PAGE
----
There was my mum in her only good blue dress standing next to my aunts and our old grandmother. Just standing there. Standing there with tears rolling down their cheeks too fast even to wipe them away. Then Mum waved a white hanky and I pressed my face against the windowpane as hard as I could, watching her. Watching until her blue dress faded into a tiny blue daub of colour.
Look at the colour metaphors in Jean Toomer’s Cane.
Sempter’s streets are vacant and still. White paint on the wealthier houses is a chill blue glitter of distant stars. Negro cabins are a purple blur. Broad Street is deserted.
Colour can accurately depict a situation, as in Lucy Treloar’s story, Natural Selection. Kate’s obsession with her son blinds her to effect this has on her daughter Rosie.
Everywhere Kate looked was saltbush and sea beneath a pan of impossible blue sky. She lifted her face and felt the white light fall on her and let it burn away the thought of Rosie sunk in the black hole of her room.
Character and situation are revealed through the use of colour in Helen Garner’s novel The Spare Room, about a visit from a friend, the colour of her skin hinting of her cancer.
I made it up nicely with a fresh fitted sheet, the pale pink one, since she had a famous feel for colour, and pink is flattering even to skin that is turned yellowish.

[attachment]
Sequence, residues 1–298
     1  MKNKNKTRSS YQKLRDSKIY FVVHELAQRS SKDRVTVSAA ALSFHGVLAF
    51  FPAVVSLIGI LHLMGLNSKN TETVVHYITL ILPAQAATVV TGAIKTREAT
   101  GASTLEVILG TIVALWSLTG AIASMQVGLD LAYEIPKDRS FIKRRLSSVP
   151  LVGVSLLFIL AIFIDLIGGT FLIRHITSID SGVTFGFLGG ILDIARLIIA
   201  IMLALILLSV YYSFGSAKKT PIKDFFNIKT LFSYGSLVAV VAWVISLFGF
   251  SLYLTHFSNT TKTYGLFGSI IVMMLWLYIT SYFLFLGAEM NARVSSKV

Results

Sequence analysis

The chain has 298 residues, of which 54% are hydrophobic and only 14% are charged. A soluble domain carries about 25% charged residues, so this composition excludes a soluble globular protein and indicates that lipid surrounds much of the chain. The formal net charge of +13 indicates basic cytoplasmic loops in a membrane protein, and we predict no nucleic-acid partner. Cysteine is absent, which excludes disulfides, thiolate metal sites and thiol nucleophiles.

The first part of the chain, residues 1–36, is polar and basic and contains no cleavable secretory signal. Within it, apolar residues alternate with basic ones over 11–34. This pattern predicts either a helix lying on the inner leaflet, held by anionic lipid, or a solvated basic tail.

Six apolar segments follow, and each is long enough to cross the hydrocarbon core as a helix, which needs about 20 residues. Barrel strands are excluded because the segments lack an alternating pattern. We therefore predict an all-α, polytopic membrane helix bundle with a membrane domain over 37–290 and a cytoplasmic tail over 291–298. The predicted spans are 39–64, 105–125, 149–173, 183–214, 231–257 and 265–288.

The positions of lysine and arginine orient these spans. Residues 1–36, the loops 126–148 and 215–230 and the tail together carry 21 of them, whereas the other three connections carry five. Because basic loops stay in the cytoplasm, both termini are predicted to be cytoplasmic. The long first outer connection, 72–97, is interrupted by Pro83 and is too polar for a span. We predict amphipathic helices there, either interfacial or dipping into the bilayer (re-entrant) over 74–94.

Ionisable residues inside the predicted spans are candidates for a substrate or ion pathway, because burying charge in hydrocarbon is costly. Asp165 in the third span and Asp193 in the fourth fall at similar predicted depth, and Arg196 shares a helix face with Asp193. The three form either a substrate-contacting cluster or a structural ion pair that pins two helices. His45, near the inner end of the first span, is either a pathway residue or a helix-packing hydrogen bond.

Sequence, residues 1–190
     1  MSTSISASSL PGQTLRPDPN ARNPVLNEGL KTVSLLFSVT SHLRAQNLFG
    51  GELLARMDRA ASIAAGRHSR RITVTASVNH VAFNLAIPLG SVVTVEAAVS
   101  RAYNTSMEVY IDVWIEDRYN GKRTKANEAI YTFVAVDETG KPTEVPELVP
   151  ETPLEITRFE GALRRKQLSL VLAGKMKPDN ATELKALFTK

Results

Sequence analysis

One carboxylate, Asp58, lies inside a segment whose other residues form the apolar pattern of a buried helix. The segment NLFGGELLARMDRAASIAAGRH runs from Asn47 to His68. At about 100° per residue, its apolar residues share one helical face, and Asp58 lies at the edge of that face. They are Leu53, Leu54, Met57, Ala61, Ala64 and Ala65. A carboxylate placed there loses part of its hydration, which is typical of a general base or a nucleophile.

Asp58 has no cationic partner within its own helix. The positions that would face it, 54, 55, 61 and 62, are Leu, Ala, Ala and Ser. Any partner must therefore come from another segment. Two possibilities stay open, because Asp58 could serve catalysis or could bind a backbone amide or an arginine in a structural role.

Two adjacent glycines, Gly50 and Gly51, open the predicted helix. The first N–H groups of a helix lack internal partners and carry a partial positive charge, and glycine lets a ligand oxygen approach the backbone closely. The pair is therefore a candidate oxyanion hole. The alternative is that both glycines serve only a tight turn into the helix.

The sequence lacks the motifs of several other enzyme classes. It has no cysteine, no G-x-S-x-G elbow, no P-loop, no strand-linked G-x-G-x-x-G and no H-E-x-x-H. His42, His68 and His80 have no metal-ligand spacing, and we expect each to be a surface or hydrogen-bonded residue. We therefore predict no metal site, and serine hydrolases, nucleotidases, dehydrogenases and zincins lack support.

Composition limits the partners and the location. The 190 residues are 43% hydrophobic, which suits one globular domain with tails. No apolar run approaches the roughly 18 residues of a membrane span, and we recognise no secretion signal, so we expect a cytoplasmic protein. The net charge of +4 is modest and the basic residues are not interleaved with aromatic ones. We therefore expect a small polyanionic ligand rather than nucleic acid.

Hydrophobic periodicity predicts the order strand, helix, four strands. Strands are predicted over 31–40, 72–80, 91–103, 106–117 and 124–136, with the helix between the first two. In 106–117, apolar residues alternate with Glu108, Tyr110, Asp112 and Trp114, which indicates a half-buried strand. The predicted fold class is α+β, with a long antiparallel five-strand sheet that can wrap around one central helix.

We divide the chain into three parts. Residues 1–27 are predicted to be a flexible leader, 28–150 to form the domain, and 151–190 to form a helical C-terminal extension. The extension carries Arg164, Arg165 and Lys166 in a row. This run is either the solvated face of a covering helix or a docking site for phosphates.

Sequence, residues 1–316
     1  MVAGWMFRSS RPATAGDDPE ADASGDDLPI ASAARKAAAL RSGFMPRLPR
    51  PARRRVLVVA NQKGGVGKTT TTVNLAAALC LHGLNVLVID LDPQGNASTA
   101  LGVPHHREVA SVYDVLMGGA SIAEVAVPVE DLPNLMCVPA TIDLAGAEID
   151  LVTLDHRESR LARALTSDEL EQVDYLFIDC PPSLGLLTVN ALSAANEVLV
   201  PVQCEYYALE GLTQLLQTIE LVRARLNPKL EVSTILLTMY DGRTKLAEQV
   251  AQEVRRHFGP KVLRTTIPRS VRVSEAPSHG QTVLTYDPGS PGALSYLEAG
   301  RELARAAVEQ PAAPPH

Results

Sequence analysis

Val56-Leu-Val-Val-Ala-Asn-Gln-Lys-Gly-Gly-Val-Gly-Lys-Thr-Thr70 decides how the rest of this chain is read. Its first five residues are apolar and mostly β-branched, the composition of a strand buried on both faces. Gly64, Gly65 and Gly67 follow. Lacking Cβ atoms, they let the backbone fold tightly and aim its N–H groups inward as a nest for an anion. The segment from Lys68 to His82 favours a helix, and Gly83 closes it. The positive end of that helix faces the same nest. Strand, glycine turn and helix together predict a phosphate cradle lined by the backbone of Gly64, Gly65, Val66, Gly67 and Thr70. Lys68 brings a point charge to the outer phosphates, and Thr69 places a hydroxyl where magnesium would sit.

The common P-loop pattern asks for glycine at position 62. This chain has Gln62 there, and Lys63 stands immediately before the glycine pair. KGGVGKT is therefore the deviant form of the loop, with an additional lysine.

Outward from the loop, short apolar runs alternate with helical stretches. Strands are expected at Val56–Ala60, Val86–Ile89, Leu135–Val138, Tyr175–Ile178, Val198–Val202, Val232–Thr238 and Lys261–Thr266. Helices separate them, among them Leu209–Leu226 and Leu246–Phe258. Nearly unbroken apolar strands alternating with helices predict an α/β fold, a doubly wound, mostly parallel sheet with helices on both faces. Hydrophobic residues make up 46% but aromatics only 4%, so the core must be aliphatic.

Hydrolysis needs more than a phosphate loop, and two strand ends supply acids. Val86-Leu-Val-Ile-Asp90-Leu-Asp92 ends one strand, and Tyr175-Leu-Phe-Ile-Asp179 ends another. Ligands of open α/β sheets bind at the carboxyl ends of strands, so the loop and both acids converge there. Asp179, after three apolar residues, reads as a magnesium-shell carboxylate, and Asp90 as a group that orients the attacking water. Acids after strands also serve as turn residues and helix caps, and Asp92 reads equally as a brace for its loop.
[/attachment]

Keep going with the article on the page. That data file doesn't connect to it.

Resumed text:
Nouns and verbs have a stronger impact than adjectives. For stronger writing use nouns that carry their colour – plum, ebony, salmon – and colour verbs – the fire reddens sky. Keep colour adjectives to a minimum to avoid purpling your prose.(Sorry, bad pun.)
If you come across a great example in your reading of how colour is used I’d love to hear from you.
From ‘Upstream’, Mary Oliver’s recent collection of essays, p. 17:
‘Once I saw a fox … its forelegs merrily slapping the air as it tried to tap a yellow butterfly with its thin black forefeet, the butterfly fluttering just out of reach all across the deep green gloss …’